In 2016, two species of Appalachian crayfish, the Big Sandy Crayfish (Cambarus callainus) and the Guyandotte River Crayfish (C. veteranus) were awarded federal protection under the Endangered Species Act. Due to their limited range and degrading habitat, the Big Sandy Crayfish was designated as a threatened species and the Guyandotte River Crayfish was designated as an endangered species. These designations provide each species protections through United States Fish and Wildlife Service (USFWS) management and oversight of activities which may alter species distribution and/or habitat.
The Big Sandy Crayfish (C. callainus) was first observed in 1937 and is only known from the Big Sandy River watershed in eastern Kentucky, southwestern Virginia, and southern West Virginia. More specifically, it is only found in McDowell and Mingo Counties within West Virginia. The Big Sandy Crayfish is currently considered threatened because of its potential to become endangered if populations continue to decline in number and habitats continue to become limited.
The Guyandotte River Crayfish (C. veteranus) is currently only known to occur in two streams of its historic range in Wyoming County, West Virginia. The species has a well-known population in Pinnacle Creek and a recently found population in Clear Fork. The Guyandotte River Crayfish is considered to be endangered because known populations are small and are isolated from each other. This makes the species vulnerable to die-offs as result of single pollution events and lack of genetic diversity.
Both species are habitat specialists, meaning they have specific habitat requirements for the establishment and success of their populations. Large slab boulders within swift moving creeks and streams are the preferred refugia for both species. Unfortunately, these habitats can become increasingly scarce as a result of increased sediments to streams such as sand and silt. In addition, historic industrial activities and poor infrastructure in the region have also resulted in water quality issues throughout each species’ historic range.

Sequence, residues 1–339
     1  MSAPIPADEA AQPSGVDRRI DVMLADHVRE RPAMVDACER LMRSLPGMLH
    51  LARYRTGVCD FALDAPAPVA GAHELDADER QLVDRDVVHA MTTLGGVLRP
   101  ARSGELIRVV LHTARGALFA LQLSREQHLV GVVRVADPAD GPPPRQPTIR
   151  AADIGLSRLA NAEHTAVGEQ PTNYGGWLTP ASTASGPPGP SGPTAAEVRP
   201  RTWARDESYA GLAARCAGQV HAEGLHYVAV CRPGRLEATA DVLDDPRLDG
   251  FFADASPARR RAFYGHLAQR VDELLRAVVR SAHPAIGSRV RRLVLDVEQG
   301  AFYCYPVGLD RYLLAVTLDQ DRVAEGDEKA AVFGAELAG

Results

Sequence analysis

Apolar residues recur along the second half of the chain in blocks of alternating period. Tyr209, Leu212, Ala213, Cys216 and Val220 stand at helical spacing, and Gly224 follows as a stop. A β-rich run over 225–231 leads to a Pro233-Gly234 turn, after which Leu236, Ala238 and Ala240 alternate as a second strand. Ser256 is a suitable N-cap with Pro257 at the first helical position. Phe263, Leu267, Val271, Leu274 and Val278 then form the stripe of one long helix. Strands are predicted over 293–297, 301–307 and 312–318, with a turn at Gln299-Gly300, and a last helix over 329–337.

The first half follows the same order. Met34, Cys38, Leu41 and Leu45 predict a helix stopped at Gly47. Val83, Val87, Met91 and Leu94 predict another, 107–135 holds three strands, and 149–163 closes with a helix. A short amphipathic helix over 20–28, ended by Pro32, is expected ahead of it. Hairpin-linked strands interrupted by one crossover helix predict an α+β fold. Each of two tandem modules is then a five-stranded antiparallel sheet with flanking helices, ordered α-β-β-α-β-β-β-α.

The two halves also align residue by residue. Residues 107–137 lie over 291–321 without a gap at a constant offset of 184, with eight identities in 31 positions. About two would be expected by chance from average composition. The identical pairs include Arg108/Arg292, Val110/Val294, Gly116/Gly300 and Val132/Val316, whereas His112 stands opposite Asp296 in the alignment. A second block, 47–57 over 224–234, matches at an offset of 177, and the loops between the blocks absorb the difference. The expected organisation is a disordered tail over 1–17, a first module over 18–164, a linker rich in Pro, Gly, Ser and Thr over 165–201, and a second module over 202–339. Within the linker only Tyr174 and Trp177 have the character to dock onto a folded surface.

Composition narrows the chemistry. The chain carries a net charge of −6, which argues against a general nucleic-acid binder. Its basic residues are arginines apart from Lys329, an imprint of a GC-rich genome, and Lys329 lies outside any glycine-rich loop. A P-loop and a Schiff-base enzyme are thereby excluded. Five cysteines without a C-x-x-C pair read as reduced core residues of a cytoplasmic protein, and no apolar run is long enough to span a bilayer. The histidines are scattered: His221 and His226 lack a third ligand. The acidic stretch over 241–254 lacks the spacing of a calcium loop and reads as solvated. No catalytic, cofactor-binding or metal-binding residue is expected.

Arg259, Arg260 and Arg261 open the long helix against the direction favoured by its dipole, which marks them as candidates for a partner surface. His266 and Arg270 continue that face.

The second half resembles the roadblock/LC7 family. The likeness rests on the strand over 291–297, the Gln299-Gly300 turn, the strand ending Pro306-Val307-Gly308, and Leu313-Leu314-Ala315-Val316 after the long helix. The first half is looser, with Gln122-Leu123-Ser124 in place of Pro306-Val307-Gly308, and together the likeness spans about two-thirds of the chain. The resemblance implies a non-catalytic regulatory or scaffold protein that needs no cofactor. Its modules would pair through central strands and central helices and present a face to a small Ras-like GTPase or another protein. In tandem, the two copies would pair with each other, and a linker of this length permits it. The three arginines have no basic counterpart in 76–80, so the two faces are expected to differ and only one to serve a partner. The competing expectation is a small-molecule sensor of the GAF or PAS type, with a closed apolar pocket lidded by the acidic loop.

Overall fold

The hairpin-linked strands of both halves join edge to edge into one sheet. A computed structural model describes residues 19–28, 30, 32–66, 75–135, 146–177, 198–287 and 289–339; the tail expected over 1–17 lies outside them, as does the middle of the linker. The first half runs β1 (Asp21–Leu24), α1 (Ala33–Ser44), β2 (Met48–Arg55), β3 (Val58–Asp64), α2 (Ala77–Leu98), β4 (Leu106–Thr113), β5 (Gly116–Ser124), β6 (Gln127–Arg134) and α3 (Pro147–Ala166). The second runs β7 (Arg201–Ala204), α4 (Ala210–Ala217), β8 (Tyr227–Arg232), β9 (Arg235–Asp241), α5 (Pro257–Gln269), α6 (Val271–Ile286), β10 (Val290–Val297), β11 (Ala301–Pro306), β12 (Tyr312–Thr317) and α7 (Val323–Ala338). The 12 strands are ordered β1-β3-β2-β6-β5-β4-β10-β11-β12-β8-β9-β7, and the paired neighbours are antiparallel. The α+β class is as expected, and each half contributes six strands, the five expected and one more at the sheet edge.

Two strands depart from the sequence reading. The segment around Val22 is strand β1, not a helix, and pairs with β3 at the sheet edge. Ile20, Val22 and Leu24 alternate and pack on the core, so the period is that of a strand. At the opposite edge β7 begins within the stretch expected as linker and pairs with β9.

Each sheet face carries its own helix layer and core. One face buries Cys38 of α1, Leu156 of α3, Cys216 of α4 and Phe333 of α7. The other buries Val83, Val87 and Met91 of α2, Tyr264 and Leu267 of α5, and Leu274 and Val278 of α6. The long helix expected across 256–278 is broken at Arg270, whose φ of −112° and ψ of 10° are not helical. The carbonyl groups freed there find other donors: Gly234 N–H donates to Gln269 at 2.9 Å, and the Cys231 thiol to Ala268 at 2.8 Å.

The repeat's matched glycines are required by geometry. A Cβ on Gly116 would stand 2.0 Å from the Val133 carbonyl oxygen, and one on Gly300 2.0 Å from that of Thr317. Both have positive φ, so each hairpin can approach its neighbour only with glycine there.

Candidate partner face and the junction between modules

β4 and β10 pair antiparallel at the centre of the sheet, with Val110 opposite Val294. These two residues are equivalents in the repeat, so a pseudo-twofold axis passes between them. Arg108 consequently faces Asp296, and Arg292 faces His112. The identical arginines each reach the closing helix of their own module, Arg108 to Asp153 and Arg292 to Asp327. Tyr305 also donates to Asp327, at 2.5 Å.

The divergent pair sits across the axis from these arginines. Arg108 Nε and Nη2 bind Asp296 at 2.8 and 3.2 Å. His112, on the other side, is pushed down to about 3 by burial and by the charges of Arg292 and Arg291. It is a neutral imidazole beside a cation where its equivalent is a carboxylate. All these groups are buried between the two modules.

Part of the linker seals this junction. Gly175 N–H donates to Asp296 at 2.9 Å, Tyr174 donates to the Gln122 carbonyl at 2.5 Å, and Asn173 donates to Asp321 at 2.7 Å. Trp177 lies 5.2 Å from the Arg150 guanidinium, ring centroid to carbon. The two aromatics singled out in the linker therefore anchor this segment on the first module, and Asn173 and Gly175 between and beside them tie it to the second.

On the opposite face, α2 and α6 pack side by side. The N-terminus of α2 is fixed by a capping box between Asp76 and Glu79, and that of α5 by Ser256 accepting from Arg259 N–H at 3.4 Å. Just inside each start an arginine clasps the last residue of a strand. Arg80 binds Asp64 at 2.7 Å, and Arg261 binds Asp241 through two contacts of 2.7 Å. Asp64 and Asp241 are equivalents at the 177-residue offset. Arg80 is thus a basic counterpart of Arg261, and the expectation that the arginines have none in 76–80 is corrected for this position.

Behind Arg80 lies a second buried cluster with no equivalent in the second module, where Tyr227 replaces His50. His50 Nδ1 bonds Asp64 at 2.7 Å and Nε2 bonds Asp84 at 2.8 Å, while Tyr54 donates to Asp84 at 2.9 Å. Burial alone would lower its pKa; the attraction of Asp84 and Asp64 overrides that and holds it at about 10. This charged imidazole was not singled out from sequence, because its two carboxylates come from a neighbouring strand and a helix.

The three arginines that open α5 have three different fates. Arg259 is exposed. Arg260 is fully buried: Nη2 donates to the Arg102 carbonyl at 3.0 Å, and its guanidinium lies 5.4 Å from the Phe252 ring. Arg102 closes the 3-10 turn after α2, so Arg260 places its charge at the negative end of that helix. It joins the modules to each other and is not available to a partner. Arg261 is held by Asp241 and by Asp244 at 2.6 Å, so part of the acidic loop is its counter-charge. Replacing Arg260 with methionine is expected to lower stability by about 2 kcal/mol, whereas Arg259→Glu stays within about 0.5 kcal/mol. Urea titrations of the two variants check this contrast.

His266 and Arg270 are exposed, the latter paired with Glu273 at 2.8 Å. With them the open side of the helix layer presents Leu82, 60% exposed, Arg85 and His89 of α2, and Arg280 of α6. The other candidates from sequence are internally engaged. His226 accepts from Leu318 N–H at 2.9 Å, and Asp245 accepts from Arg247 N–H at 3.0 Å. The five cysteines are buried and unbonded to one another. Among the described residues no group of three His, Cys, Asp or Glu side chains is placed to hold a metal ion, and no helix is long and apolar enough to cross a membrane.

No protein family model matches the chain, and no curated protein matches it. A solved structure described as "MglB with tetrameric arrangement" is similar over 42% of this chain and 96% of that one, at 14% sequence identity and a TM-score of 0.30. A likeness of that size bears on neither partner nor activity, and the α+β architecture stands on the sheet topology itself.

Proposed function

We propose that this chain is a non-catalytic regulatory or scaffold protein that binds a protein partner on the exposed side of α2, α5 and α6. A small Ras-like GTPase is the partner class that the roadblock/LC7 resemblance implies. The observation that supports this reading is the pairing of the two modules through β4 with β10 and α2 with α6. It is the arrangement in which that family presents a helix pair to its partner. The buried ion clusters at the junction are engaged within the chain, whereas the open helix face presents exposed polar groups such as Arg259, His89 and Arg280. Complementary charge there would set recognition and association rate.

With habitat availability declining, these two-protected species are forced to compete with common native crayfish species for resources and refugia. Interspecies competition can further inhibit the likelihood of their success.
Crayfish Presence/Absence Surveys
AllStar Ecology has a team of aquatic biologists who are certified by the USFWS to conduct threatened and endangered crayfish surveys in the southern coalfields of West Virginia and Virginia. With multiple staff members having passed identification and survey protocol testing, AllStar Ecology can deploy multiple teams of surveyors to conduct the necessary surveys.
Over the past two years, our biologists have conducted numerous presence/absence surveys in McDowell, Logan, and Wyoming Counties, West Virginia for bridge enhancement projects and utility lines. Due to the instream work associated with these projects, the surveys were necessary to avoid potential disturbance to endangered crayfish and their habitats.
Having previously worked with federal and state agencies on threatened and endangered crayfish surveys, AllStar has the experience and knowledge to develop survey plans and conduct the necessary surveys to fulfill the needs of your project. Learn more about all of our services by clicking here or contact us for more information.
Author: Brian Carlson
Brian Carlson is an Environmental Scientist III with AllStar Ecology, specializing in stream ecosystems and aquatic fauna. Mr. Carlson is a genus level macroinvertebrate certified taxonomist through the Society for Freshwater Science and has successfully passed taxonomy testing for freshwater mussels in West Virginia and Ohio, including endangered species. In addition, he as passed taxonomy testing for federally endangered crayfish of West Virginia. He has used his expertise in biological surveying and taxonomy to complete biological assessment reports for state and federal agencies, various private industry clients, and watershed nonprofit organizations. Mr. Carlson’s project management and reporting experience also includes water chemistry and bacteria monitoring, stream habitat assessments, and fish assemblage, benthic macroinvertebrate, and freshwater mussel surveys throughout Appalachia, the Mid-Atlantic, and the Midwest regions.
Education: B.S., Environmental Science – The Ohio State University | M.S., Fisheries Resources – West Virginia University
Training & Certifications: West Virginia Scientific Collecting Permit | Society for Freshwater Science Certified Genus Level Taxonomist | OHEPA Level III Benthic Macroinvertebrate Biologist and Taxonomist | Certified surveyor for West Virginia Coalfields Endangered Crayfish